Lamotrigine (la MOE tri jeen) is most commonly used to treat seizures and mood disorders.
- Lamotrigine may be affected by other drugs used to prevent seizures. Tell your doctor if your child is taking any other medicine.
- Extended release lamotrigine tablets allow the dose of medicine to be given once daily. Do not crush, break or let your child chew them. This can cause the medicine not to work or to cause more side effects.
- Regular lamotrigine (immediate release) can be crushed and given with small amounts of food.
- Read the label carefully and make sure you are giving your child the proper amount. It is easy to confuse the many different dosage forms and strengths.
- Give the exact dose of medicine that your doctor ordered.
- Stay with your child until they have swallowed the dose of medicine.
If You Forget to Give a Dose
Missing one or more doses of medicine may increase the risk of a seizure.
If you forget to give a dose of medicine, give it as soon as you remember. Do not give it closer than 4 hours before the next dose.
Food and Medicine Interactions
Acetaminophen, ibuprofen, vitamins and antacids are generally safe to give with lamotrigine. Check with the doctor or pharmacist before giving other over-the-counter medicines.
If a Dose Is Vomited
If your child throws up within 15 minutes of taking his medicine, you can repeat the dose one time. If they vomit again, do not give any more medicine. Wait until the next scheduled dose and try again. If they throw up and it has been 15 minutes or more since taking the medicine, do not give any more medicine. The medicine has already been absorbed into their body.
Possible Side Effects
- Skin rash severe at times (Stevens Johnson reaction)
- Drowsiness or insomnia
- Increased sensitivity to sunlight
Anti-seizure medicines may increase the risk of suicidal behavior or thoughts. If you notice these thoughts or any unusual changes in behavior, call your child’s doctor right away or consider emergency help.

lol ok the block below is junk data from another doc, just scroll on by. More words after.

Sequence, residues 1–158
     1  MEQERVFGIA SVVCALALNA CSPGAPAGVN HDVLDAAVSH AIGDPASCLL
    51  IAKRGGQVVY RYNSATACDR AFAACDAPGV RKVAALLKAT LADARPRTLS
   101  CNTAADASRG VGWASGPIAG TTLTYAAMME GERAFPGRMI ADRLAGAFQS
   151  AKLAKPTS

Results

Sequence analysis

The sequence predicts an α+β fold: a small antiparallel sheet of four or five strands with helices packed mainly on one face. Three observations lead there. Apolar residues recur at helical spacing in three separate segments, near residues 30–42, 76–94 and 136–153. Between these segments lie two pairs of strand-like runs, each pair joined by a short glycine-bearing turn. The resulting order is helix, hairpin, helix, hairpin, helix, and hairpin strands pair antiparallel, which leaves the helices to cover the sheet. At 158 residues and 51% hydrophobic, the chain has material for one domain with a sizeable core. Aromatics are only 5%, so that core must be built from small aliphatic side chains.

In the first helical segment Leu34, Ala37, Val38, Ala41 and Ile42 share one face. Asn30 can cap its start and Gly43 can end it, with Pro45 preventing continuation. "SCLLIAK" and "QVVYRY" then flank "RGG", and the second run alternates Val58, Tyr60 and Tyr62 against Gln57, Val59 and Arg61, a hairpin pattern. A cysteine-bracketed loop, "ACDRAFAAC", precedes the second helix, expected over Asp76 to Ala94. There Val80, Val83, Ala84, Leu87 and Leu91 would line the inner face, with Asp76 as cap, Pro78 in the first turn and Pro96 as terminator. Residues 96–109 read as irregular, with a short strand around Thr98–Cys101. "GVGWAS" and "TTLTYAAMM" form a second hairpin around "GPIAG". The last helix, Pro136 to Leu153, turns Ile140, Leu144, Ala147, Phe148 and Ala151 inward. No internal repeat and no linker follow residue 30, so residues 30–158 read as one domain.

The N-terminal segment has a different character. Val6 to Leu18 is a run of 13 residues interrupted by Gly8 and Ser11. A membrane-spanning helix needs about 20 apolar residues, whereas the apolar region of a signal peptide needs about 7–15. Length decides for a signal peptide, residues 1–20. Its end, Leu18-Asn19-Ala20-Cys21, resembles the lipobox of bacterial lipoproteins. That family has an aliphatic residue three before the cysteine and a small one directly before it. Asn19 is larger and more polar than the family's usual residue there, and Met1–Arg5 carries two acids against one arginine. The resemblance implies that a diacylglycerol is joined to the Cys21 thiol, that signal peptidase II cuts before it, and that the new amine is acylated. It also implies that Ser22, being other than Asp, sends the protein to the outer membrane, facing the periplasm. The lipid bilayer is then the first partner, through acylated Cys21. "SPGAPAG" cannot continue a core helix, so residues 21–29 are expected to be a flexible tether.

What to Do About Side Effects
- If a skin rash occurs, stop giving the medicine and call your child's doctor.
- If your child becomes drowsy, do not let them ride a bike or operate machinery (such as a lawnmower or car) or take part in any activities where they must stay alert.
When to Call the Doctor
Call your child's doctor if any of the following occurs:
- If your child has a rash or irritation of the eyes or mouth.
- If your child is having any side effects that continue or are very bothersome.
- If you notice a change in the number of seizures your child has.
When You Get the Prescription Filled
- Have your pharmacist give you 2 labeled containers if your child care provider will be giving this medicine.
- Get this prescription refilled at least 3 days before the last dose is given. This is very important.
Storage of Medicine
- Store all medicine out of the reach of children.
- Always keep medicine in the original container from the pharmacy.
- If lamotrigine is compounded into a liquid, it is best to refrigerate it.
- Do not use this medicine after the expiration date printed on the container.
- Do not stop giving this medicine or change the amount given without first talking with your child's doctor or pharmacist. Stopping this medicine may increase the number or severity of seizures that your child has.
- Tell your child's doctor and pharmacist if your child has an unusual or allergic reaction to any medicine.
- If you carry medicine in your purse, keep it in its childproof container and keep your purse out of the reach of children.
- Bring all your child's medicines with you in the original containers whenever your child sees a doctor, goes to an emergency room or is admitted to the hospital. This helps doctors who may not know your child.
- Learn the name, spelling and dose of this medicine. Also, teach your child if they are old enough. You will need to know this information when you call your doctor or pharmacist.
- If your child or someone else takes too much of this medicine, first call the Central Ohio Poison Center at 1-800-222-1222 (TTY 614-228-2272). They will tell you what to do.
- The doctor has prescribed this medicine for your child only. Do not give to anyone else.
- Tell your child's teacher, school nurse, coach, babysitter and others your child is taking this medicine and what side effects to watch for.
If a patient thinks they might be pregnant or is thinking of becoming pregnant, they should tell the doctor before beginning this medicine or while taking this medicine.
There are pregnancy registries to help gain information about babies born to mothers who took Lamictal when pregnant. Ask your doctor, nurse or pharmacist for more information.
If a patient is breastfeeding their baby, they should tell the doctor before beginning this medicine or while taking this medicine. This medicine may pass into breast milk and cause side effects in the baby.
HH-V-183 ©2003, revised 2020, Nationwide Children’s Hospital